Submitted to: American Society of Agronomy Meetings
Publication Type: Abstract Only
Publication Acceptance Date: 11/2/2003
Publication Date: 11/2/2003
Citation: SIKORA, L.J. COMPOST PHOSPHORUS AVAILABILITY TO FESCUE IN PHOSPHORUS DEFICIENT SOIL. AMERICAN SOCIETY OF AGRONOMY MEETINGS. 2003.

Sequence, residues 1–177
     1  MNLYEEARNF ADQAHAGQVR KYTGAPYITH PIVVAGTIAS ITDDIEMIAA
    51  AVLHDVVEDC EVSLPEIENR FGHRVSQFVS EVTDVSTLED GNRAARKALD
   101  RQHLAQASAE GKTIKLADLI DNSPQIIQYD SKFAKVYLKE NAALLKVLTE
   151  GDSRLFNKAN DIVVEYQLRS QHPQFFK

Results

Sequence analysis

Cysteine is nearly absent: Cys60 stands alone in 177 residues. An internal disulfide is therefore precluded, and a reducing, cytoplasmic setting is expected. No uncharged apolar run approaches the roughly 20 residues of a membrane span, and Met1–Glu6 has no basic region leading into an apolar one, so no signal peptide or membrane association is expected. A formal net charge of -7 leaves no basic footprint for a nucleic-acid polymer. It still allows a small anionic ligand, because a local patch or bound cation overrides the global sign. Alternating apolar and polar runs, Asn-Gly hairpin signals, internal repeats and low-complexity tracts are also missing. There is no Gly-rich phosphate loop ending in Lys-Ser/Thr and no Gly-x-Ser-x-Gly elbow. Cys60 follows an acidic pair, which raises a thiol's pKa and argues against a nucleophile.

Technical Abstract: Nutrient management plans require that fertilizer equivalents of manures and composts be used in determining the total nutrient application to soils. In the past, composts were not considered fertilizers but only sources of organic matter. The P nutrient content of composts has not been studied as extensively as N, but with recent emphasis on P enrichment of waterways, more extensive studies are required for both manures and composts. A Codorus soil with less than 10 mg kg-1 Mehlich-3 extractable P was amended with poultry litter compost (PLC) or triple super phosphate (TSP) at rates of 0, 50, 100 and 150 kg P ha-1. Nitrogen was supplied to be uniform across all treatments taking into account the N mineralization rate of PLC. Fescue (Festuca arundinacea Schreb) was grown and harvested three times over 103 days. Yield of fescue was curvilinear related to rate of amendment, but yield was not affected by treatment source, poultry litter compost or triple super phosphate. Models describing yield changes with rate were different for TSP and PLC as yields increased more rapidly for TSP than PLC at low P additions, but decreased more rapidly than PLC had higher P rates. Phosphorus uptake was statistically the same for both treatments and a single quadractic equation describing P uptake with rate. These data indicate that PLC added to soils on a total P basis provided the same amount of fertilizer equivalents as TSP. Thus, if PLC is applied to soils at the N fertilizer rate for a crop, an excess of P fertilizer would result.